Barbara Scott, a longtime Methodist and great grandmother, attended the event with a little uneasiness as a new member at FUMC Huntsville. However, she shares, “I was delighted by what I learned.” Adds Barbara, “I was impressed that the Reverends had taken the time to get to know each other personally before sharing their views on homosexuality. (How can I truly understand what a person is saying if I don’t understand the person first, and vice versa.) Our group discussion revealed how varied our opinions/beliefs are just within the walls of our own church building. I had the distinct impression that most of the members in attendance had training in resolution conflict as our facilitator only had to remind us once to remember, this is Holy Conversation.” Barbara knows that oftentimes the attendees who might benefit most don’t attend, but she felt the event was highly beneficial to those that did. “This type of thing opens the door for conversations we should be having as member of the Methodist church, preparing for what the future is bringing.”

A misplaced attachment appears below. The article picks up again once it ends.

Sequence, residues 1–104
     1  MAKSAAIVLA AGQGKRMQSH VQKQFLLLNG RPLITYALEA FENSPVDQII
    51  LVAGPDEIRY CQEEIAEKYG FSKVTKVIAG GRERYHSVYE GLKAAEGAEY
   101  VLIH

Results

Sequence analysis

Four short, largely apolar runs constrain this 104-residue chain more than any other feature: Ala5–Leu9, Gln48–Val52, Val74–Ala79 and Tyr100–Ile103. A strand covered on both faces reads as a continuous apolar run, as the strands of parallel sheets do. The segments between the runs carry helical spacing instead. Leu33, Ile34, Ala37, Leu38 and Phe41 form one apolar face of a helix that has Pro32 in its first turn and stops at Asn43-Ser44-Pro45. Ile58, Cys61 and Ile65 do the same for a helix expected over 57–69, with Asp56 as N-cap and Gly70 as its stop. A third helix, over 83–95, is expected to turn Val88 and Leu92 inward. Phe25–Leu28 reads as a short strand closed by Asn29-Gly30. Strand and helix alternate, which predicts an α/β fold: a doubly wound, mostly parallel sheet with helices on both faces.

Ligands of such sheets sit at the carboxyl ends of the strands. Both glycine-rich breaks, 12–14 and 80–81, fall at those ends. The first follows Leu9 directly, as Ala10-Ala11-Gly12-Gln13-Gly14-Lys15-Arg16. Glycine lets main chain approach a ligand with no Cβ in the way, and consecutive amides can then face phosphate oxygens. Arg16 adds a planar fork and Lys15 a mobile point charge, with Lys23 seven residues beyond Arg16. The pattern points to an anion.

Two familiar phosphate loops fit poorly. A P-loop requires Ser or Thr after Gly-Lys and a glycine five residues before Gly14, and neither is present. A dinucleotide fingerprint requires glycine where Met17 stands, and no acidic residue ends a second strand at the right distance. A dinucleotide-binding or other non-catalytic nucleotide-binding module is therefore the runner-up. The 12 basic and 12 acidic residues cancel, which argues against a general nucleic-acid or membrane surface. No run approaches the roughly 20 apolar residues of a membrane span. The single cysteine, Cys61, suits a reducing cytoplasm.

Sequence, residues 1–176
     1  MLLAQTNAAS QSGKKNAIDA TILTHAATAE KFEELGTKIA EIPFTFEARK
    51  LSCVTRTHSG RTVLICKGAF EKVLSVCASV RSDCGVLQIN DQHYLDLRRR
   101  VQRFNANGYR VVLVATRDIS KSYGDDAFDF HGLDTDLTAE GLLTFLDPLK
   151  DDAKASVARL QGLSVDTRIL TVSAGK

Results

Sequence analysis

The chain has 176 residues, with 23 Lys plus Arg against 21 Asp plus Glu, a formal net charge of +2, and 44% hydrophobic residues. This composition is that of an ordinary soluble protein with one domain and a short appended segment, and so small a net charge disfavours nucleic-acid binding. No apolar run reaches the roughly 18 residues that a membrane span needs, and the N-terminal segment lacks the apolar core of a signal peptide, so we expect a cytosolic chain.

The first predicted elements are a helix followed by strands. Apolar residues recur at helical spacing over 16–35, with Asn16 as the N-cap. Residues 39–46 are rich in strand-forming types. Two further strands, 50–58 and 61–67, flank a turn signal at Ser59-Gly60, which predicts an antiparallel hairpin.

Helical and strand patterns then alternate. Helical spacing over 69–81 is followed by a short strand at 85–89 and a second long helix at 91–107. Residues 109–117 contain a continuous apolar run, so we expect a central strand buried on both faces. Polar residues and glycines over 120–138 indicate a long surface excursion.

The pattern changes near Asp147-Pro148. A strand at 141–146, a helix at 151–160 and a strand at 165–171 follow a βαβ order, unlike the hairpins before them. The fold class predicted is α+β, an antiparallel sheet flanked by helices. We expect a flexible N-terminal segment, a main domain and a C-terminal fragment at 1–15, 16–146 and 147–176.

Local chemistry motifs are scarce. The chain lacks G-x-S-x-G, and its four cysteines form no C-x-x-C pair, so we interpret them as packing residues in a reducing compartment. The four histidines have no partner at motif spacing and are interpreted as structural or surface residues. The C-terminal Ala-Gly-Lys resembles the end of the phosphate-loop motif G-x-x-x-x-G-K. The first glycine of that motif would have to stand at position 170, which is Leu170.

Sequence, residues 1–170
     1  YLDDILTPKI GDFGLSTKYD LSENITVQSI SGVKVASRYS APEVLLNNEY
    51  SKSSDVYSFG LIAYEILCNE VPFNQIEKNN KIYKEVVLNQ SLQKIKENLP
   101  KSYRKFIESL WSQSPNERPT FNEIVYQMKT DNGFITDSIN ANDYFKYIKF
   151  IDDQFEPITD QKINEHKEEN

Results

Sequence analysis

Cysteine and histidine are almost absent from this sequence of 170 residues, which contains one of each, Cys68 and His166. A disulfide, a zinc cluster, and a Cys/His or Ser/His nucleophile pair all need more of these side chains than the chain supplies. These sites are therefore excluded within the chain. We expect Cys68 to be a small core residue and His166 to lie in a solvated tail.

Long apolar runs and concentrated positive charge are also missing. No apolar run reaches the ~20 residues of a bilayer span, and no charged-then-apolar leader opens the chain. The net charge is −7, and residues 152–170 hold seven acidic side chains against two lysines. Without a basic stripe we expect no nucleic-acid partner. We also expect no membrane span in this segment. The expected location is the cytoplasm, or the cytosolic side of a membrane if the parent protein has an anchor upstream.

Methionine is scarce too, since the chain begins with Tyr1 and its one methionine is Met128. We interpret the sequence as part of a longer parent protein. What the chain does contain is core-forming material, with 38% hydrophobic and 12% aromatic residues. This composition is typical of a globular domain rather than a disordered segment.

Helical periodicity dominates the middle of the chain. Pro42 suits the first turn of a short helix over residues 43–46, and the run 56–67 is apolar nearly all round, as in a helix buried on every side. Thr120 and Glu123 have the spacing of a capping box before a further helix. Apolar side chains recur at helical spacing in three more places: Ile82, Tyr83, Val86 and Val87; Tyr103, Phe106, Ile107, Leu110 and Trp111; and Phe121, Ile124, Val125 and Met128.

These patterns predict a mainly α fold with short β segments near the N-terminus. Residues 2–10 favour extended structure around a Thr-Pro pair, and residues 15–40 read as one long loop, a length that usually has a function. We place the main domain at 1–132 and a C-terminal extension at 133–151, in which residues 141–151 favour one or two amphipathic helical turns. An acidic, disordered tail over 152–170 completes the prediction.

The Conversation Continues: Q&A with the Bishop on March 16
Bishop Scott Jones will host a Facebook Live follow up conversation at 7 pm on our Facebook Page. While a Facebook account is not needed to watch the stream, having an account allows you to comment on the video in real time and interact with the Bishop. For updates and notifications, RSVP to our Facebook event. All are encouraged to send questions ahead or interact live to continue in holy conversation.